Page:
The Obstacle Race

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I presume that I am not alone in assuming that life is just an obstacle race in which I have been given the bum lane, where the hurdles are both insufficiently spaced and incomprehensibly high.  I know that it is seldom the severity of the hurdles that causes me to baulk, as much as the regularity of them.  The incessant thud, thud, thud of shin on barrier, forehead on lintel, or ego on life is what truly impedes evolution: the offside law as interpreted by VAR; the Chinese Puzzle of tangled metalwork in the unopenable cutlery drawer; the Gordian Knot in the Hoover cable.  The main obstacle to the progress of life itself is the very challenge of existence; the twisted coil in the Slinky of being.  I fail, therefore I am.

They say that what doesn’t kill you, makes you stronger, but it doesn’t does it?  Slothing the day away in front of the TV will not kill you – at least, not in the short term – but it’s hardly going to qualify you as an Olympic weightlifter either.  The truth is that what doesn’t kill you, doesn’t kill you – which, although not terribly profound, does at least have the benefit of leaving you somewhat more vital than dead.  There are (many) times when there is nothing better in this world than a large glass of red, a huge slab of chocolate and a couple of hours slumped in front of Midsomer Murders, and I have little doubt in my mind that I am quite safe in their hands.  If I want to find something that might kill me, I will look for a gun, or a knife, or a blunt instrument (or, if I’m still in Midsomer mode, I will smear myself in truffle oil and search for a wild boar).  Given sufficient time, I guess that most things can kill you.  I’m not aware of anybody ever being killed by celery, but it doesn’t mean it hasn’t happened.  I seem to recall being told that the calories used to eat celery are in excess of those that you gain by eating it.  Is it possible to chew yourself into starvation?  If it didn’t kill you, would it actually make you stronger?  I wonder how much celery has ever been consumed by Arnold Schwarzenegger?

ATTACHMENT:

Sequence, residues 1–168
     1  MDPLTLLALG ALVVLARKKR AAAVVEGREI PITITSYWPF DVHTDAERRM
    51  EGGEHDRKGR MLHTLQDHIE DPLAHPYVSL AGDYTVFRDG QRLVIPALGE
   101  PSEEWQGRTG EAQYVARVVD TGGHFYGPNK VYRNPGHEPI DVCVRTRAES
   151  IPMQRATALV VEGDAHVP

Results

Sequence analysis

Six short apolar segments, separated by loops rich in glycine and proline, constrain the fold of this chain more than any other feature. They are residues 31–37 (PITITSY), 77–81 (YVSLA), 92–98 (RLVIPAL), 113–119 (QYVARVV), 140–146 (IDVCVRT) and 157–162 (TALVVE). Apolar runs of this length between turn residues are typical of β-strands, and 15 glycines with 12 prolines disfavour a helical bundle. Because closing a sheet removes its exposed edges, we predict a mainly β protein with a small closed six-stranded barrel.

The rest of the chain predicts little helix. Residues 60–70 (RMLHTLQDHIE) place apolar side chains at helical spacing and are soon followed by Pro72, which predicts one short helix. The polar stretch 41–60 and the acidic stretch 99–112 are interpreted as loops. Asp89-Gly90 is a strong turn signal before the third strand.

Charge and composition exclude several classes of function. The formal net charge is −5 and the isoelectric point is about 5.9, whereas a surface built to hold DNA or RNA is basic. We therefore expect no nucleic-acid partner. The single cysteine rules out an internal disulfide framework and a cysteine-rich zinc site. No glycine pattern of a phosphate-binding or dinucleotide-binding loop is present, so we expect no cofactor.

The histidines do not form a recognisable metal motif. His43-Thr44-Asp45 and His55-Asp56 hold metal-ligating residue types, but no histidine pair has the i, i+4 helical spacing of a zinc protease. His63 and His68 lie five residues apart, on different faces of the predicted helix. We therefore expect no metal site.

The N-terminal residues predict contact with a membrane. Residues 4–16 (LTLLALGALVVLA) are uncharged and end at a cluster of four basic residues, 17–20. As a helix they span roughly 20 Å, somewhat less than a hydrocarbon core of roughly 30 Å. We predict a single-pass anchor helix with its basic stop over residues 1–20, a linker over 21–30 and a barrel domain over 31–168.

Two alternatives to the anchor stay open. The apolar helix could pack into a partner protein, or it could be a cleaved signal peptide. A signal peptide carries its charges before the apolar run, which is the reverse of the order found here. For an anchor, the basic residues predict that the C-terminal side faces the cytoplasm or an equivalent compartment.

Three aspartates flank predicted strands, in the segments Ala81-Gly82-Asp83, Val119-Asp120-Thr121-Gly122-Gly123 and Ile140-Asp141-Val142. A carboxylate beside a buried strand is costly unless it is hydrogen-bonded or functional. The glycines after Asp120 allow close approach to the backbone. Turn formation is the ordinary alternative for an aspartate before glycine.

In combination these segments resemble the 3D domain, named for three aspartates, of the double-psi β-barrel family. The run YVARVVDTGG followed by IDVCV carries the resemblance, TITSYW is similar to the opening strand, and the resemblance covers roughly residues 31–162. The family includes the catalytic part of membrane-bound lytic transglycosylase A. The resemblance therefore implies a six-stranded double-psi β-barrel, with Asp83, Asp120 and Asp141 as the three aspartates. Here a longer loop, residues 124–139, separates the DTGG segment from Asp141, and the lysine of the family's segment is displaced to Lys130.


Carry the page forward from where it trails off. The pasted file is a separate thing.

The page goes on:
I don’t suppose that life is straightforward for anybody all of the time, and I’m not certain that I would want to live such a life anyway.  Life is a trifle crammed full of petty annoyances and tiny triumphs, but garnished with moments of despair and overwhelming joy.  Both (like Ant & Dec) make the other bearable.  Is it even possible, I wonder, to experience joy if you have never suffered pain?  Does chocolate not give such pleasure to someone who has never tasted okra?  Do you have to experience Starbuck’s coffee before you can appreciate a good malt whisky?  (If you want my advice, avoid the Starbuck’s and hope for the best.)

Some people, of course, are unhappy all of the time (they are called Belgians) but most manage to find some degree of happiness even in the most difficult of circumstances: the macabre East End Humour of the blitz; the ironic cheers of losing football fans; the audience at a Roy ‘Chubby’ Brown concert.  We all have bouts of self-pity, but they tend to grind to a halt when you catch a proper look at yourself and realise how pathetic you appear.  It’s not easy, after all, to take yourself too seriously when nobody else does.